Speaker 1:

Now, if you're like most people, you've probably heard the old adage that weight loss is a matter of calories in calories out right, you can change your body mass, your weight, up or down, simply by changing the intake, as well as how many calories you burn. And the idea that the more you move, the more exercise you do, the more calories you burn, is known as the additive model. It suggests that our bodies burn energy in a linear fashion, that by either reducing our calorie intake or increasing our energy expenditure through exercise, we create a calorie deficit and lose weight. But what if this model is overly simplistic? What if it doesn't actually reflect the actual realities of human physiology and our hormones and how our bodies conserve energy? And that's where Ponser's constrained model comes in, because, based on his extensive research on the energy expenditure of hunter-gatherer populations and other physically active groups, as well as normal sedentary groups that we're probably part of in the Western world and everything in between, ponser argues that our bodies have evolved to maintain a relatively stable level of daily energy expenditure, regardless of how much we exercise.

Speaker 1:

And it was shocking the first time I learned this a few years back. But just hold on, because there's a huge amount of truth to this, uh, and it doesn't mean the end of our control over our bodies. There's, there's some power behind this. So Just to explore this a little bit more instead of burning calories in a linear way, right, we increase our activity, our calories go up, our bodies adapt, they compensate. We've talked about this in one way or another for quite a while on this podcast, and I talk to my clients all the time about this idea that any stressors we put on our body, anything where we try to do more, our bodies will try to bring us back to homeostasis and compensate by reducing energy expenditure in other areas, such as our resting metabolic rate, right At the cellular level, the mitochondria level, or by making us just move a little bit less. Our small unconscious movements, our fidgeting, tends to decrease, and this is why, during fat loss, some people their metabolic adaptation is even faster than expected, partly because they're actually moving less and they don't realize it.

Speaker 1:

And so, according to Ponser, you know, exercise by itself isn't enough to drive significant change in your energy balance, and for a lot of people, that means they're trying to lose weight, but regardless it doesn't drive a significant change In the short term. It might right If you go from running, if you go from being sedentary to running two miles a day, you'll get a calorie deficit from that because your body's going to just ramp up its energy expenditure. But then it's going to adapt and body mass, we're improving our body composition, we're training and all that. It means that instead of just trying to move more and by more I mean like full-on exercise right, we're not talking about walking, we're talking about running and higher intense versions of cardio, basically, which many of us become what's been called chronic cardio, which many of us become what's been called chronic cardio instead of doing that, we now get to focus on optimizing our metabolism, our metabolic rate, our energy balance in other ways, through nutrition, through having higher protein. We know that simply consuming more protein can improve your fat loss independent of other factors. Dr Bell Campbell's team has shown that in the research as well. And so strategies like nutrient-dense whole foods, high protein we want to regulate our hunger, satiety signals, manage our stress and sleep.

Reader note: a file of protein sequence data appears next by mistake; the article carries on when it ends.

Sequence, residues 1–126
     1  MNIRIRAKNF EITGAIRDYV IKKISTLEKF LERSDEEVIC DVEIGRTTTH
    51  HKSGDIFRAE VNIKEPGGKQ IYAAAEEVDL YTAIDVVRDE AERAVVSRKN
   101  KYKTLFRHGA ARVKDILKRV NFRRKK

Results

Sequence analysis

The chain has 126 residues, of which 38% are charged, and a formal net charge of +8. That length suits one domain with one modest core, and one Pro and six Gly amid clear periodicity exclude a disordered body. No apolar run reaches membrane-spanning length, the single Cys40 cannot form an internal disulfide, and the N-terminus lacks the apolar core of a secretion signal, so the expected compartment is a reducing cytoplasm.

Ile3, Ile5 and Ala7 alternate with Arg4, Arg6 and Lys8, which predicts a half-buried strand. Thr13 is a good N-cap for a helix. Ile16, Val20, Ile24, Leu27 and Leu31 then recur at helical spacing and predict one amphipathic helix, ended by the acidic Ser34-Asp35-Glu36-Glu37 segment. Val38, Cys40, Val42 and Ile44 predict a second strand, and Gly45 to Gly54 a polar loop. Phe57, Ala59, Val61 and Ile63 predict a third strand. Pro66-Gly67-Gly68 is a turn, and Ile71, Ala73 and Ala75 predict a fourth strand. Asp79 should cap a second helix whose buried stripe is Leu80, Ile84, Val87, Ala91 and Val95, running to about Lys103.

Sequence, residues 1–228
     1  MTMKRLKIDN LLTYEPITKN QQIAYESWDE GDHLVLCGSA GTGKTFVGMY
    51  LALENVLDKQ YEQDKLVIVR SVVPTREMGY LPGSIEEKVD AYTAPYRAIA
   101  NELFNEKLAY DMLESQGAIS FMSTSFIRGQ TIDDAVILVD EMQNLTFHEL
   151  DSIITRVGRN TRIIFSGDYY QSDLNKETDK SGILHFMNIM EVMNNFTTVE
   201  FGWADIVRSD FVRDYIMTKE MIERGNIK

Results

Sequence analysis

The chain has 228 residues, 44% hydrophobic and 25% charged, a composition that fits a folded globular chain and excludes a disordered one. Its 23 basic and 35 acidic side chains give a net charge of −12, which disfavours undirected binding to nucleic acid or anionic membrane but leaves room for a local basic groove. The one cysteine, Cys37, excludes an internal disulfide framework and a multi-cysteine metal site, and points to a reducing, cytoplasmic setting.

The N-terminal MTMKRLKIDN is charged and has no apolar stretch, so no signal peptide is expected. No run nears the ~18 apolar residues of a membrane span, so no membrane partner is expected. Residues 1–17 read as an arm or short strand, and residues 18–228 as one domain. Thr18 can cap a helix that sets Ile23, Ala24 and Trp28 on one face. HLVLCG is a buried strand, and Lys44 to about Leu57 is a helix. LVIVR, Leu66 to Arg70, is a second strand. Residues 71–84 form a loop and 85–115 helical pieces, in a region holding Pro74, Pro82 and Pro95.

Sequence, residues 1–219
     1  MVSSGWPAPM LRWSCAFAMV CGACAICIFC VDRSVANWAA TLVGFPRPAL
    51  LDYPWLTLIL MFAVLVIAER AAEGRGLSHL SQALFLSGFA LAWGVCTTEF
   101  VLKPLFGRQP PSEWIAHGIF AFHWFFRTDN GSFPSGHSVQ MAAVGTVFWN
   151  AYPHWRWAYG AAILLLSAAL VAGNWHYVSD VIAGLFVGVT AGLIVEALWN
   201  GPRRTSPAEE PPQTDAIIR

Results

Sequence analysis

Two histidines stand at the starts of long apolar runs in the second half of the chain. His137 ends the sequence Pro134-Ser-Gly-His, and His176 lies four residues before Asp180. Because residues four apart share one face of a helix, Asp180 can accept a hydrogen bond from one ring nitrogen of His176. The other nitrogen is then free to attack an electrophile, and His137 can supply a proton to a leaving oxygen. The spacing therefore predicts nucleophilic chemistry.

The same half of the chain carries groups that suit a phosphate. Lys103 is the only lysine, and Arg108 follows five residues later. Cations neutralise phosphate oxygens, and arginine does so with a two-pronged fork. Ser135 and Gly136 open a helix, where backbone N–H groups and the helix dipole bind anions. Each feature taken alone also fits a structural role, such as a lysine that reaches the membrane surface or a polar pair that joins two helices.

Speaker 1:

All of these support healthy hormonal function, along with, of course, building muscle mass and regular physical activity for the health benefits, not for the calorie burn. Right For the health benefits, not the calorie burn. There is a small window, however, of walking and some forms of cardio, strategically incorporated, that will increase calories burned within a sweet spot, right when the trade-off is worth it. Above that, the trade-off is no longer worth it. So being patient, being realistic with these expectations goes a long way, but also knowing that we don't have to chase like rapid, unsustainable weight loss through extreme calorie restriction or excessive exercise and cardio. We can instead relax a bit and aim for that slow and steady but very effective approach that works with our bodies and its beautiful ability to adapt, and then we can maintain the healthy body composition and the weight that we're looking for over the long term.

Speaker 1:

So, again, this doesn't mean that the basic principles of energy balance don't apply. Calories in, calories out, still 100% applies. If you consume fewer calories than you burn, you are still going to have your body mass go down, but knowing the calorie outside of the equation that our bodies will constrain that the more that we push it, the more that we stress it, we can instead have a more nuanced and effective approach that takes into account that complex interplay and you don't have to understand all the biology. All you really need to know is you train, you lift weights, you walk, you do a moderate amount of strategically incorporated cardio, you focus on nourishing foods and your metabolic health, and that's it.

Speaker 1:

Until next time, I want you to keep an open mind about these things. I want you to stay curious. That's what we're here for. Stay skeptical and never stop exploring this fascinating science of human biology, physiology and performance. Thanks again for tuning in to another episode of Quick Wits. Thank you for tuning in to another episode of Quick Wits. Thank you for tuning in to another episode of Wits and Waits. If you found value in today's episode and know someone else who's looking to level up their wits or weights, please take a moment to share this episode with them and make sure to hit the follow button in your podcast platform right now to catch the next episode. Until then, stay strong.